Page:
card
319

Antarctica

OLogy Series
place
card
319

Antarctica

OLogy Series
place

Antarctica is like no other place on Earth. The continent is covered almost entirely by a thick ice sheet. Yet there is very little precipitation. Howling winds reach over 320 km p/hr (200 mph) and temperatures dip to -60 C (-76 F)! Even the sea freezes over in the winter. Very few kinds of land animals and plants can survive here. But the icy waters are filled with life. The only humans are those that have come to explore and study.

Heroic Age of Antarctic Exploration
Almost nothing was known about Antarctica until the 1700s and 1800s, when a few explorers, whalers, and seal hunters glimpsed parts of the continent.In the mid-1800s, the first expeditions began to explore the ice-covered land. Some were in search of valuable seal fur. Others were looking to build empires. Others were driven simply by curiosity about this mysterious world. Exploration became a symbol of national pride. The late 1800s marked the start of the "Heroic Age of Antarctic Exploration." In just 25 years, 18 expeditions were launched to explore the continent's geography, reach the South Pole, map the coastline, and collect scientific data on everything from weather to rocks to animals. Two famous explorers were Roald Amundsen from Norway and Robert Falcon Scott from England, who raced each other to the South Pole in 1910. In another famous expedition in 1914, the British explorer Ernest Shackelton set out to cross the continent. But his ship was crushed by ice before it reached land. Shackleton sailed for hundreds of miles in a small open boat to get help and save his men.

Continent of Science
Over the past century, scientists and explorers made expeditions to Antarctica to investigate this unique environment.

In 1959, 12 nations signed an agreement that the continent would be devoted to "peace and science." Today, 48 nations have agreed to this treaty. Scientists from around the world--and in many fields--research here.

Paleontologists have discovered fossils that reveal clues about what the continents looked like in the past. Biologists study how organisms have adapted to life in the harsh environment. The study of these organisms have uncovered mysteries about the history of life. Even astronomers study here. The dry, unpolluted atmosphere and high altitude make Antarctica an excellent place to observe space. And the blue-white color of the ice make it ideal for spotting meteorites. In fact, scientists have found the most different types of meteorites in Antarctica, including some from the Moon and Mars!

The ice sheet covering Antarctica is a blanket of ice about 2 km (1.2 mi) thick. It was formed by millions of years of snowfall. Buried under it:

are mountains and deep valleys

are many lakes

all of these

Are you right?

Correct!

These features were detected by satellite and plane-borne radar that penetrates the ice. The mountains and valleys have been compared to the European Alps. The largest lake under the ice, Lake Vostok, is as big as America's Great Lakes--about the size of Lake Ontario.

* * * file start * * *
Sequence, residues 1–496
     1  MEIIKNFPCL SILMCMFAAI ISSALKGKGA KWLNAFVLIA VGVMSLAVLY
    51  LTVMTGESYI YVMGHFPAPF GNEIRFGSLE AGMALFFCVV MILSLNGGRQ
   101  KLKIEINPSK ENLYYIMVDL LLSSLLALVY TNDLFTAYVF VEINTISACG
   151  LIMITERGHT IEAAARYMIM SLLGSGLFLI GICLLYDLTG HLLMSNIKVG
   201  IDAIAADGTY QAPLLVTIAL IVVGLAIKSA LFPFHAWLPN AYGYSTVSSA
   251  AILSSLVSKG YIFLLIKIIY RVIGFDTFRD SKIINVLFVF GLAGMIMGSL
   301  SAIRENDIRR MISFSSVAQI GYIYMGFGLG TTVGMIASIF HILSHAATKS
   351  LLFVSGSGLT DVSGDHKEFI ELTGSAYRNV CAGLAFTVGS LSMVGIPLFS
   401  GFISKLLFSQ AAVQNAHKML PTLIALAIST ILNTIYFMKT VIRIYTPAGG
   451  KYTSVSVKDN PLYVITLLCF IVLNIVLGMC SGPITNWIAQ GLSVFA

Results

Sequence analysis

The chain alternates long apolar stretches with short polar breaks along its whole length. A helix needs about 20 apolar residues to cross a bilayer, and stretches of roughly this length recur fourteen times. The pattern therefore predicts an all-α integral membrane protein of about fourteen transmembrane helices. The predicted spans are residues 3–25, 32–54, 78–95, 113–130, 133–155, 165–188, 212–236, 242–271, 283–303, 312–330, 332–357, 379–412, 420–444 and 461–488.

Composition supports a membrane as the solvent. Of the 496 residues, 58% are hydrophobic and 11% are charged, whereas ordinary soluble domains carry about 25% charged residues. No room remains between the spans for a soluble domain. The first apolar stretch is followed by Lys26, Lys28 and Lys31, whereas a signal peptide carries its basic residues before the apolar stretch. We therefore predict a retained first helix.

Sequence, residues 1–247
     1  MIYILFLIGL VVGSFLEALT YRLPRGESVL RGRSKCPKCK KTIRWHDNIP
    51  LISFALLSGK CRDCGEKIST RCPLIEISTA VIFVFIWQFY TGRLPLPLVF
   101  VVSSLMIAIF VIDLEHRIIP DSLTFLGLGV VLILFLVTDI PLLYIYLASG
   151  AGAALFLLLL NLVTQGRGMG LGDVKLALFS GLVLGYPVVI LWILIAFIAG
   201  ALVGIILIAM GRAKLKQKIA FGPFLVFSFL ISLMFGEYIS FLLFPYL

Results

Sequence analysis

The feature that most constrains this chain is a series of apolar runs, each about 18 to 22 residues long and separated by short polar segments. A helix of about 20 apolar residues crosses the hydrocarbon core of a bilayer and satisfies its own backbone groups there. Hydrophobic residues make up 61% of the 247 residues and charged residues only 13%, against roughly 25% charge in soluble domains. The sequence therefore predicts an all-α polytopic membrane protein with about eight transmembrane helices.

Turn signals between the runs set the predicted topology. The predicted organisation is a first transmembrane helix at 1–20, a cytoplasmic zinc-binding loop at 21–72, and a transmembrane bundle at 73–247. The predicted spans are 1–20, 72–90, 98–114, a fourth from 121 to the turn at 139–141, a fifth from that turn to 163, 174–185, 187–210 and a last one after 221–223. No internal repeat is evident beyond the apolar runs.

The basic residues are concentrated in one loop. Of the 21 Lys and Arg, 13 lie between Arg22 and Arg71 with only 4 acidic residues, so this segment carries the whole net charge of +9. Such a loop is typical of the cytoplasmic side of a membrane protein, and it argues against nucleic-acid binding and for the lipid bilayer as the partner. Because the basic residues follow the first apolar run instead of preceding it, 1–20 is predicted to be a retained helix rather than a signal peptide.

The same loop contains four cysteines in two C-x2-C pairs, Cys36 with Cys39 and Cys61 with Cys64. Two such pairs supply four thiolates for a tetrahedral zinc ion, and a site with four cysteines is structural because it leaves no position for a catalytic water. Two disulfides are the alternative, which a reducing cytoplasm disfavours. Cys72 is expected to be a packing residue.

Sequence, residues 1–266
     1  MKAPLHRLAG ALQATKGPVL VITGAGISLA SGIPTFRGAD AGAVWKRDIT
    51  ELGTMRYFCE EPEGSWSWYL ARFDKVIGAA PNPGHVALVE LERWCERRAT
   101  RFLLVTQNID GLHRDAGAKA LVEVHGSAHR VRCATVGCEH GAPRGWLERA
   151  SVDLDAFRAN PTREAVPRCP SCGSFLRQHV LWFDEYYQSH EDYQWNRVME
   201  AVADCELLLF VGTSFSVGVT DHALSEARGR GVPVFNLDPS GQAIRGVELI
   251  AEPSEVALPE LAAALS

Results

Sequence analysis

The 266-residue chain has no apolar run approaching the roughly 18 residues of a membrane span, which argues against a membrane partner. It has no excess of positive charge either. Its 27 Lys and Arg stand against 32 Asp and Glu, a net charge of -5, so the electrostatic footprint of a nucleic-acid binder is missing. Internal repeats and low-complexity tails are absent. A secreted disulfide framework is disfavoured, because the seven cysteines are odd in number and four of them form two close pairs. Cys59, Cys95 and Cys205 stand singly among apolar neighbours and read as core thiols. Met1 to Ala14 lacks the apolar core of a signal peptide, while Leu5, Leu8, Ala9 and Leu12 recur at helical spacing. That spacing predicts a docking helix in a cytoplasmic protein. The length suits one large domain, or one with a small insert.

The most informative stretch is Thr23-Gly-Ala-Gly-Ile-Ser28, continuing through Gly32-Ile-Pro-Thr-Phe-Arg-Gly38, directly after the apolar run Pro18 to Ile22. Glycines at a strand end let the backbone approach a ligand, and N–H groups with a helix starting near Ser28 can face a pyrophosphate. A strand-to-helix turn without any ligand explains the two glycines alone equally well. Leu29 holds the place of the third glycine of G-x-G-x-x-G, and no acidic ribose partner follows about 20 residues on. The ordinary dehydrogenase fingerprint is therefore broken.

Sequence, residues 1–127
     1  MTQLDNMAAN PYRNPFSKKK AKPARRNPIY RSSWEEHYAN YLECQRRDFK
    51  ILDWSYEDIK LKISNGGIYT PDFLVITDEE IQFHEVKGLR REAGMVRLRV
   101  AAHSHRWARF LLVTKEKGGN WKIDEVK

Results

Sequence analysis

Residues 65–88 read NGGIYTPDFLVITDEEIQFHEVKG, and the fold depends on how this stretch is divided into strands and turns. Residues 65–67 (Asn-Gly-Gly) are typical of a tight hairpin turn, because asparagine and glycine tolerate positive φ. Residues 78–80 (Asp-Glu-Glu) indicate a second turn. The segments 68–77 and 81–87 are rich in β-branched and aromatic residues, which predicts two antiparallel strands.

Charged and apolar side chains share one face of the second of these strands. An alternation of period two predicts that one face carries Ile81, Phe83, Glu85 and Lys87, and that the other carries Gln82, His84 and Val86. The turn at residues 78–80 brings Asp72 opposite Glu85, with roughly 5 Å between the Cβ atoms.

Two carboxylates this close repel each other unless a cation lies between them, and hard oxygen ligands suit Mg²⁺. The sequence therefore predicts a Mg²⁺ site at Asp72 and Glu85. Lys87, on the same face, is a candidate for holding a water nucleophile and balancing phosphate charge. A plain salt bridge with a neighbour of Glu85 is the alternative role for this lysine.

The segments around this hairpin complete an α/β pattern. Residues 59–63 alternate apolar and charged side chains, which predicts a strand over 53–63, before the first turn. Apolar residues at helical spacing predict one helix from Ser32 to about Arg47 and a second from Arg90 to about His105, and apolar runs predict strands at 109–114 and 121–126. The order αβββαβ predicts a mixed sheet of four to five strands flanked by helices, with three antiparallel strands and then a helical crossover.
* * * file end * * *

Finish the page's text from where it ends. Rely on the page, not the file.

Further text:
Scientists have found fossils of ancient reptiles, mammals, and trees in Antarctica. These fossils provide evidence that:

these species could survive the freezing, dry conditions of Antarctica

the continent was once much warmer

these species floated across the ocean to Antarctica

Are you right?

Correct!

Millions of years ago, the continent had forests and plains alive with plants and animals. Fossils also show it was part of a huge supercontinent. About 34 million years ago, Antarctica separated from South America and all other landmasses. And its climate had begun to cool.

Some species of fish in the Antarctic waters have molecules in their blood that work like "antifreeze" to keep their blood from freezing.

Fact
or
Fiction
?

Fact

Every Antarctic species has adaptations that allow them to survive under its harsh conditions. Other species include penguins, seals, seabirds, and hardy tundra-like plants.

Today, only scientists can visit Antarctica.

Fact
or
Fiction
?

Fiction

Antarctica is also the destination for teachers, artists, electricians, carpenters, cooks, and more. About 4,000 stay during the austral summer, and 1,000 during the austral winter.

In much of Antarctica, the Sun never rises during the winter.

Fact
or
Fiction
?

Fact

Because of the tilt of Earth's axis, Antarctica faces away from the Sun during winter. The long, dark winter lasts from March to Septem- ber. In the summer, the Sun never sets.

Description: Earth's southernmost continent
Landforms: high plateaus, active volcanoes, mountains, valleys, under-ice lakes
Size: 14 million sq km (5.5 million sq mi); about the size of the U.S. and Mexico combined
Cool Fact: Antarctica is the coldest, windiest, and driest place on Earth.
Cool Fact: The ice sheet that covers Antarctica holds 70 percent of the world's freshwater.

Image credits: courtesy of AMNH.